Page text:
# Bernoulli Numbers in Arbitrary Precision

### Description

Computes the Bernoulli numbers in the desired (binary) precision.
The computation happens via the `zeta`

function and the
formula

*B_k = -k ζ(1 - k),*

and hence the only non-zero odd Bernoulli number is *B_1 = +1/2*.
(Another tradition defines it, equally sensibly, as *-1/2*.)

### Usage

1 | ```
Bernoulli(k, precBits = 128)
``` |

### Arguments

`k` |
non-negative integer vector |

`precBits` |
the precision in |

### Value

an `mpfr`

class vector of the same length as
`k`

, with i-th component the `k[i]`

-th Bernoulli number.

### Author(s)

Martin Maechler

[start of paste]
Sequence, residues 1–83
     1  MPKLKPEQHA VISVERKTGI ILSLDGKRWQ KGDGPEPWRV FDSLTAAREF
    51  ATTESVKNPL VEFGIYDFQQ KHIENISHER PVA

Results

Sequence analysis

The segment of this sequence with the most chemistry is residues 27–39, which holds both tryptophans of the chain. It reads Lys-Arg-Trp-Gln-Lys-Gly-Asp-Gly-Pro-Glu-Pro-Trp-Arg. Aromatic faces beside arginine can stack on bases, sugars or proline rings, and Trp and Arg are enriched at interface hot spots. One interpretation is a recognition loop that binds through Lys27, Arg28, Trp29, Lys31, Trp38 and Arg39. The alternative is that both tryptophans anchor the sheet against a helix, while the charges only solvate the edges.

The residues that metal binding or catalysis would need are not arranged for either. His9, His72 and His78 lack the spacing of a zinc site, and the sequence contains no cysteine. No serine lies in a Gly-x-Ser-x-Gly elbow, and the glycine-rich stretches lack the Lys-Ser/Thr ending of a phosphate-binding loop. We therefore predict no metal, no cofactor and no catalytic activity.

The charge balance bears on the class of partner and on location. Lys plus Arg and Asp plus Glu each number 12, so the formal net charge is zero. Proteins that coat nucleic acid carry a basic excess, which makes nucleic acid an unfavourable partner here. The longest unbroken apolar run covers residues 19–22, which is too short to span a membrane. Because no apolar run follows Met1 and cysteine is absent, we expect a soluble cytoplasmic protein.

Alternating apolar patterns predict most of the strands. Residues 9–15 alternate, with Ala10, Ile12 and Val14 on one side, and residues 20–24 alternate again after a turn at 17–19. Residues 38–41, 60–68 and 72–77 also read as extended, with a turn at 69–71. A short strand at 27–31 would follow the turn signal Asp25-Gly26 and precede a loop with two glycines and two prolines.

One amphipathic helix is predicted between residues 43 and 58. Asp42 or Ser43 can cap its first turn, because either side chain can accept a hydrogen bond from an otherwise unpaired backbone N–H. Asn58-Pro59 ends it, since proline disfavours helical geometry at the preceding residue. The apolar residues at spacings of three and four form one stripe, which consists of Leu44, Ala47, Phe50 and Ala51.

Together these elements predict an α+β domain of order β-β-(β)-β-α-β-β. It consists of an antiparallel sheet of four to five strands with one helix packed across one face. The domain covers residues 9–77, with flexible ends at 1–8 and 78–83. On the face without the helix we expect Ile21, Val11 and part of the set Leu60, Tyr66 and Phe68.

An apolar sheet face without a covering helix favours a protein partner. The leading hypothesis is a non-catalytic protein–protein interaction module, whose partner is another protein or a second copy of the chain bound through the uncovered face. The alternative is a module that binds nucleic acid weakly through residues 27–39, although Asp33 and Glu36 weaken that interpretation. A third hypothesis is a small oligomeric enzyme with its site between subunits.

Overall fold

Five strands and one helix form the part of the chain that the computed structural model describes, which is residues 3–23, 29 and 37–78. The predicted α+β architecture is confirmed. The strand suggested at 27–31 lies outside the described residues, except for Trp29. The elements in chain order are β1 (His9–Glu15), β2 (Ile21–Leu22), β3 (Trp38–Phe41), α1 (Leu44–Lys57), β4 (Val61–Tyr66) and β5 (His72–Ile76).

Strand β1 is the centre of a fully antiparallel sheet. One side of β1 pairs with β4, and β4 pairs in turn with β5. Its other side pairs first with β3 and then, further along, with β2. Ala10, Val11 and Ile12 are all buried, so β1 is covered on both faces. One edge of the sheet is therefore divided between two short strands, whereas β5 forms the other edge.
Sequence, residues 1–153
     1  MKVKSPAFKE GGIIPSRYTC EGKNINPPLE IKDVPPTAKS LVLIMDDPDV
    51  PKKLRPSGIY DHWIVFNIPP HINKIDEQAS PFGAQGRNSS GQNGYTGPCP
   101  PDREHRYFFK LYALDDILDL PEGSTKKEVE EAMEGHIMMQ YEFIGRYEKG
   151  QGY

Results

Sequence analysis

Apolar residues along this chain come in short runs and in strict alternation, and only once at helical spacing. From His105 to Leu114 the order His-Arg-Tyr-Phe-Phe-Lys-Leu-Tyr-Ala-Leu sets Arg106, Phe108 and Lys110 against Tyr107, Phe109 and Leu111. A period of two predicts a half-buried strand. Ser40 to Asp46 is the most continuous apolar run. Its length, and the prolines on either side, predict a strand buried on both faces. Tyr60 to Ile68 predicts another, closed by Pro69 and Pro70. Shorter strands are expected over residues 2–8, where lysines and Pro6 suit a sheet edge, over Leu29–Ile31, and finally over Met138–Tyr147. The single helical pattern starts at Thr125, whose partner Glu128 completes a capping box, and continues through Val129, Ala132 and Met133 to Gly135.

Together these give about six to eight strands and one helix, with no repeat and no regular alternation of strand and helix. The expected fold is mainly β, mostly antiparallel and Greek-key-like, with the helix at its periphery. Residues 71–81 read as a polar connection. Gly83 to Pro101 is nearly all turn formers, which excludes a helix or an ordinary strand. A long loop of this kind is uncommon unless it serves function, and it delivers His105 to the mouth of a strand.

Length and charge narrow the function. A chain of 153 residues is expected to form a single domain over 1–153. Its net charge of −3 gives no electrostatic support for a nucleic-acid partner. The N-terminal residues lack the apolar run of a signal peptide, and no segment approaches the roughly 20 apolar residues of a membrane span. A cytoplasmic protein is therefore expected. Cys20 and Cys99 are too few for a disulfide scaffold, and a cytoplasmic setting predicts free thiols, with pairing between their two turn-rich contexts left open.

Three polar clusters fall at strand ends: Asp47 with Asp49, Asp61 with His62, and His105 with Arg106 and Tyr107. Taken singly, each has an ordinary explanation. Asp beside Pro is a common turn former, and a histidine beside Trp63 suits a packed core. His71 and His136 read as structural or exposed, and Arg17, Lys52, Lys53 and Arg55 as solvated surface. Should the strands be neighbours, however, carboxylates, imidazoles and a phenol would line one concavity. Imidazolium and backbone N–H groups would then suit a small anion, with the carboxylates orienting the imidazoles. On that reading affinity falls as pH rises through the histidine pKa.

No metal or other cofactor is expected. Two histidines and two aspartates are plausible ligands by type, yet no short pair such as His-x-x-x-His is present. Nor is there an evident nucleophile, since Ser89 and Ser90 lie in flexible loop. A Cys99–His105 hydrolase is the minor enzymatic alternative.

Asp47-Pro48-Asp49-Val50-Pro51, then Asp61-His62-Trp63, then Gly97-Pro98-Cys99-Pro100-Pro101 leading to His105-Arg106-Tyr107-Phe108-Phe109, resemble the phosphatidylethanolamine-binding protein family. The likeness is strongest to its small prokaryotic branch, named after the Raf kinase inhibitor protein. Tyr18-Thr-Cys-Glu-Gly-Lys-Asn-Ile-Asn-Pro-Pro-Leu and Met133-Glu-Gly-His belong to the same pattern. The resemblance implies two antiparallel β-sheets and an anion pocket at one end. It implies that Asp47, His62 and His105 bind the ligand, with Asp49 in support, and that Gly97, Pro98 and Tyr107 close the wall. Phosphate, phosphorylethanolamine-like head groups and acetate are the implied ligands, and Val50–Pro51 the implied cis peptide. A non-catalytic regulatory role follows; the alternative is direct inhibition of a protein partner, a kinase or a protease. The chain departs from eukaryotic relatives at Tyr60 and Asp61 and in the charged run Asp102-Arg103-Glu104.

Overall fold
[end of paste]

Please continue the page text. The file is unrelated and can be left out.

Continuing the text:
### References

http://en.wikipedia.org/wiki/Bernoulli_number

### See Also

`zeta`

is used to compute them.

### Examples

1 2 3 4 5 6 7 8 9 10 11 12 13 14 15 16 17 | ```
Bernoulli(0:10)
plot(as.numeric(Bernoulli(0:15)), type = "h")
curve(-x*zeta(1-x), -.2, 15.03, n=300,
main = expression(-x %.% zeta(1-x)))
legend("top", paste(c("even","odd "), "Bernoulli numbers"),
pch=c(1,3), col=2, pt.cex=2, inset=1/64)
abline(h=0,v=0, lty=3, col="gray")
k <- 0:15; k[1] <- 1e-4
points(k, -k*zeta(1-k), col=2, cex=2, pch=1+2*(k%%2))
## They pretty much explode for larger k :
k2 <- 2*(1:120)
plot(k2, abs(as.numeric(Bernoulli(k2))), log = "y")
title("Bernoulli numbers exponential growth")
Bernoulli(10000)# - 9.0494239636 * 10^27677
``` |